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The protein disulfide isomerase family: From proteostasis to pathogenesis.

08:00 EDT 12th April 2019 | BioPortfolio

Summary of "The protein disulfide isomerase family: From proteostasis to pathogenesis."

In mammalian cells, nearly one-third of proteins are inserted into the endoplasmic reticulum (ER), where they undergo oxidative folding and chaperoning assisted by approximately 20 members of the protein disulfide isomerase family (PDIs). PDIs consist of multiple thioredoxin-like domains and recognize a wide variety of proteins via highly conserved interdomain flexibility. Although PDIs have been studied intensely for almost 50 years, exactly how they maintain protein homeostasis in the ER remains unknown, and is important not only for fundamental biological understanding but also for protein misfolding- and aggregation-related pathophysiology. Herein, we review recent advances in structural biology and biophysical approaches that explore the underlying mechanism by which PDIs fulfil their distinct functions to promote productive protein folding and scavenge misfolded proteins in the ER, the primary factory for efficient production of the secretome.

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Name: Biochimica et biophysica acta. General subjects
ISSN: 1872-8006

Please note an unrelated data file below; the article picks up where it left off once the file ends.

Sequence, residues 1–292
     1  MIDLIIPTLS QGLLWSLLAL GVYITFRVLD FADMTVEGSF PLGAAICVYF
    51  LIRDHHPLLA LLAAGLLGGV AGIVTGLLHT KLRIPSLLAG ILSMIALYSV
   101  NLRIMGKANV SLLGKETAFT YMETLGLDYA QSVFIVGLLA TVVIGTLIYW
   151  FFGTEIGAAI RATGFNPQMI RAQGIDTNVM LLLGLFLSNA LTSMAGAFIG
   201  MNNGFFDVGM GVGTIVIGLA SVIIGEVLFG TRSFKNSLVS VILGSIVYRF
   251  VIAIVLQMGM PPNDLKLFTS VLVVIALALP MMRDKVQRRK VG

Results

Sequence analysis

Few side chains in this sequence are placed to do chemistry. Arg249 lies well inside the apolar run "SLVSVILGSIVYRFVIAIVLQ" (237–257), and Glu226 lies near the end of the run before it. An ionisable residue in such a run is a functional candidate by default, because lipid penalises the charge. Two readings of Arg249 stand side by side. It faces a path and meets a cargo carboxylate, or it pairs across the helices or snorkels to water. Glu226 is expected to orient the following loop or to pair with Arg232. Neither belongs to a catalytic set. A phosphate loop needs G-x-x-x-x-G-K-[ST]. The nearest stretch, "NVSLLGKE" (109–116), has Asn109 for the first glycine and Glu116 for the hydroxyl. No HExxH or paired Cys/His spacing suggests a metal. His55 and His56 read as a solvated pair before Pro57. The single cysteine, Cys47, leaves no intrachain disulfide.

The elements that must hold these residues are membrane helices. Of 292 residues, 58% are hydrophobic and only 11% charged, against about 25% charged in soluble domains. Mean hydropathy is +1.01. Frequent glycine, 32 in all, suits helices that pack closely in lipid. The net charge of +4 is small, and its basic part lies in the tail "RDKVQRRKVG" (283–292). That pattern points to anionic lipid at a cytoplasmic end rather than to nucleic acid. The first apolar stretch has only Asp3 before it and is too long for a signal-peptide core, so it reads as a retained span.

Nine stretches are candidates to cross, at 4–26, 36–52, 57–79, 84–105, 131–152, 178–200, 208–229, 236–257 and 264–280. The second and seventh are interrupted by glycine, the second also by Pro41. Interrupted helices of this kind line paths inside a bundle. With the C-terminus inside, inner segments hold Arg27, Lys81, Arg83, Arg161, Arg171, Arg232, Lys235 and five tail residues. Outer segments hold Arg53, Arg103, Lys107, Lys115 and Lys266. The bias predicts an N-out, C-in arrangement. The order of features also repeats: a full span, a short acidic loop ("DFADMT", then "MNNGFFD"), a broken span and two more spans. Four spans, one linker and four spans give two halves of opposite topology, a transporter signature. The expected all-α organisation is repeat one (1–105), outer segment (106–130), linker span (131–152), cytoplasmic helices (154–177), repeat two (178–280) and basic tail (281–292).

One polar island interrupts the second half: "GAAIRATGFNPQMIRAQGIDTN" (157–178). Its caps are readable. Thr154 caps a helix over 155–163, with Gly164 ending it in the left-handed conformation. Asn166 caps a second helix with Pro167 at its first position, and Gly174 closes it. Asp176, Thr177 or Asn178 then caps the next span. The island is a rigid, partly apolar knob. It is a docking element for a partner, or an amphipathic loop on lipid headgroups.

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Medical and Biotech [MESH] Definitions

Sulfur-sulfur bond isomerases that catalyze the rearrangement of disulfide bonds within proteins during folding. Specific protein disulfide-isomerase isoenzymes also occur as subunits of PROCOLLAGEN-PROLINE DIOXYGENASE.

An enzyme that catalyzes the reduction of a protein-disulfide in the presence of glutathione, forming a protein-dithiol. Insulin is one of its substrates. EC 1.8.4.2.

Neuronal growth factor and lymphokine product of lectin-stimulated T-cells which induces immunoglobulin secretion. Its amino acid sequence is partially homologous to the HIV envelope glycoprotein gp120, which may explain, in part, the pathogenesis of AIDS DEMENTIA COMPLEX. Closely related to PHOSPHOHEXOSE ISOMERASE; AUTOCRINE MOTILITY FACTOR and maturation factor.

Amino acid sequence in which two disulfide bonds (DISULFIDES) and their connecting backbone form a ring that is penetrated by a third disulfide bond. Members include CYCLOTIDES and agouti-related protein.

A structurally-related family of small proteins that form a stable tertiary fold pattern which is supported by a series of disulfide bonds. The arrangement of disulfide bonds between the CYSTEINE moieties results in a knotted structure which is unique to this family of proteins.

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